Also, while you want a good batch of tickets to be sold at the very beginning (we have bills to pay), you want to give people the chance to have a look at the program proper before buying, so you want to have a sizable amount of tickets for after the event.

I’ll see that we are more transparent about how many tickets are in the badges.

Finally, no system is perfect, and if you run into a situation like yours, it never hurts to contact the organisers. Usually, there’s people that want to give away a ticket in between the badges and organisers are also always a broker of that.


#4

Thanks for the thorough reply!

I’ve attended the EuroPython conferences which have a similar feel to them – community conferences with fairly cheap tickets. They have two types of tickets: early bird tickets and standard tickets. That is the only kind of batching I’m familiar with. What I like is that they don’t delay releasing the tickets to create the sense of urgency you talk about.

To be honest, I don’t really see how it is a problem that there are different groups of people that decide things in different paces. The group that tends to decide late must be used to not always finding a ticket – that’s kind of the result when you decide late.

The batches can have effects that go both ways. They could make an eager group wait longer, with some amount of frustration associated with the wait. When the second batch is released, this eager group will then compete with the late-deciders over the tickets. So some of the people who thought “don’t worry, I’ll just wait until the late batch” might suddenly seen themselves without a ticket, despite your best efforts :slight_smile:

It’s really not clear to me that this is better than the more straightforward system of just releasing the tickets and letting people buy them when they like. Babysitting people and making them wait artificially feels unfortunate to me.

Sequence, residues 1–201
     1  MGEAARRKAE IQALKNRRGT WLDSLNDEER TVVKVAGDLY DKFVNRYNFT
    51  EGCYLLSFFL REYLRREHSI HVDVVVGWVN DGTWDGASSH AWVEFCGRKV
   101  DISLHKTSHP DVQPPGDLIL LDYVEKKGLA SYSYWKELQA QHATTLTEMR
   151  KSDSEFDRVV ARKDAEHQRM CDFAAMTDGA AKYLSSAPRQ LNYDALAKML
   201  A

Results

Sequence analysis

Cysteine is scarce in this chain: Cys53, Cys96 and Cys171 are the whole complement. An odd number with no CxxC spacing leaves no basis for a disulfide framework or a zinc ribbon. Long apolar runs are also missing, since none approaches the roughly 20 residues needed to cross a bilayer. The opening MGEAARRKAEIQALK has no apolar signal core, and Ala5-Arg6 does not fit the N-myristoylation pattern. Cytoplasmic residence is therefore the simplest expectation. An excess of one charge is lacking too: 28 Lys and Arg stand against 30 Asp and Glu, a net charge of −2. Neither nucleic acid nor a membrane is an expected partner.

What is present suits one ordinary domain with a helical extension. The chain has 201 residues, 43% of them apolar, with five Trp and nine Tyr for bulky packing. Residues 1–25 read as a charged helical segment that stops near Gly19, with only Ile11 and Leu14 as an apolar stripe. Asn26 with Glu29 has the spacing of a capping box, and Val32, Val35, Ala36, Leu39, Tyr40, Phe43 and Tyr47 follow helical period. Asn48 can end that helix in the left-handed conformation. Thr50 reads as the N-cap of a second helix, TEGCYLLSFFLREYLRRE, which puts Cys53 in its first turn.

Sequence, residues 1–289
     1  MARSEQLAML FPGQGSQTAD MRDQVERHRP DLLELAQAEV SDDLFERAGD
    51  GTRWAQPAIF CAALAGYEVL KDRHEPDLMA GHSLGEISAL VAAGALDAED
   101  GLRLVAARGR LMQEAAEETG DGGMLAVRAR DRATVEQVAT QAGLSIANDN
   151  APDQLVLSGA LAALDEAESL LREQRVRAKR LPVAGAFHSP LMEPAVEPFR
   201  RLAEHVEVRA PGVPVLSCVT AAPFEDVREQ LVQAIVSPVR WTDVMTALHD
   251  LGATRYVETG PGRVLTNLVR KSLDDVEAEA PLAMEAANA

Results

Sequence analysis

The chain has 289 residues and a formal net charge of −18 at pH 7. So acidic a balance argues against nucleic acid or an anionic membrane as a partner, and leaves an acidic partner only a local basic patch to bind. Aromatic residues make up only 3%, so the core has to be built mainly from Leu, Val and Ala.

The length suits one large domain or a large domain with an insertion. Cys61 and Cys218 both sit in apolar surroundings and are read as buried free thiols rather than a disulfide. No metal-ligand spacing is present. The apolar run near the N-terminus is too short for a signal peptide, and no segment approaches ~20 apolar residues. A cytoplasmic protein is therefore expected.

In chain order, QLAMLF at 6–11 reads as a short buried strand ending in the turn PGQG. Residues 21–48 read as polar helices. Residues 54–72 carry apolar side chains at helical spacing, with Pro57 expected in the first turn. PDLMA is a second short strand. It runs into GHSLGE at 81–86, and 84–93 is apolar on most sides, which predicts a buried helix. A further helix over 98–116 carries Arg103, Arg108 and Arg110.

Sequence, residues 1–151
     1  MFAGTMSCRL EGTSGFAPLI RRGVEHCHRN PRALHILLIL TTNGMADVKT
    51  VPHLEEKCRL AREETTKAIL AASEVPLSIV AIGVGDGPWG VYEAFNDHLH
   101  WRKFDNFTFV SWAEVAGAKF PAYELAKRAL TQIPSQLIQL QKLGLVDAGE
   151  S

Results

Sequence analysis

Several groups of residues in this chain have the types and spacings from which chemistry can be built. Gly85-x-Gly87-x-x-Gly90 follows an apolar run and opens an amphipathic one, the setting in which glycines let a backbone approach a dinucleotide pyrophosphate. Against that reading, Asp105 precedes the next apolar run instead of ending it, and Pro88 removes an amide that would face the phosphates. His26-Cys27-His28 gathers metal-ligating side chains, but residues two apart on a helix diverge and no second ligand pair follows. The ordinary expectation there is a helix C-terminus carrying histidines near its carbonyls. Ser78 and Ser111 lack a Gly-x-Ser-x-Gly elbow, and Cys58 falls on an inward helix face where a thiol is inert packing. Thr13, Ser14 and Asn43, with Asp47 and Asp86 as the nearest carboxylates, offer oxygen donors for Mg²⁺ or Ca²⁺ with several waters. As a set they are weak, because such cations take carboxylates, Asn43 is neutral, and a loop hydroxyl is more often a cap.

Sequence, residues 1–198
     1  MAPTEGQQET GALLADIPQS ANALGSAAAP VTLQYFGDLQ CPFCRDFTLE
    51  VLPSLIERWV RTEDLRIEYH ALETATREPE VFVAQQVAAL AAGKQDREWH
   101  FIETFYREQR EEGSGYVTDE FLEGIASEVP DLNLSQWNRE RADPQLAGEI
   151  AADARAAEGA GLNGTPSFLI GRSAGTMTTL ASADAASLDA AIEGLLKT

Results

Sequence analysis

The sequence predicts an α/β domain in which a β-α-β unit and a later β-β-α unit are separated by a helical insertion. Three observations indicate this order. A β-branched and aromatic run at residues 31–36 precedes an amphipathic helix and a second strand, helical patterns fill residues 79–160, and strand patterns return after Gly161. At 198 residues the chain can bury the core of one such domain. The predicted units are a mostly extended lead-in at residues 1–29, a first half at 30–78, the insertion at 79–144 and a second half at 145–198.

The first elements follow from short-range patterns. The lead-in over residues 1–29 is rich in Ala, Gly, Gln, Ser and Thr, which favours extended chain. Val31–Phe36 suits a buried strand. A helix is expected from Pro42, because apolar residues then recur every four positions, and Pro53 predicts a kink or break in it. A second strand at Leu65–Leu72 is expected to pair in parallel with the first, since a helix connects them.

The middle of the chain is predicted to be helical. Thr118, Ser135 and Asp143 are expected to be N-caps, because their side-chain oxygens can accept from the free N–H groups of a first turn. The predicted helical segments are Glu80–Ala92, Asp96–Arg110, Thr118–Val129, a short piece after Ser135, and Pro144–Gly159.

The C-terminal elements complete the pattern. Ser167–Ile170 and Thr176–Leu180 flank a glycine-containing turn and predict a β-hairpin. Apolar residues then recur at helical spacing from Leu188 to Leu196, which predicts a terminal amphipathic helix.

Yeah, I see how that can be very annoying, but are we there yet?

It sounds like you had to “push” the tickets at RustFest Kiev, and that would indicate that the tickets would be available for multiple 24-hour cycles. That means that the lucky first-movers who are in a good timezone have no real advantage (since there were tickets for everybody in the end).

I hope the conferences will continue to grow like that: tickets enough for everybody so people don’t have to worry too much about when to buy :slight_smile:

Perhaps you could simply announce up front when the batches would be released? That would help a lot to make it feel less “scary”. In fact, I would even say that the batches become useful then: I would know that I have a good chance at getting a ticket if I book it quickly on the day of the next batch – I could put that date in my calendar and that would help me manage the uncertainty.

Thanks again for the reply and all the hard work that I know goes into organizing a conference!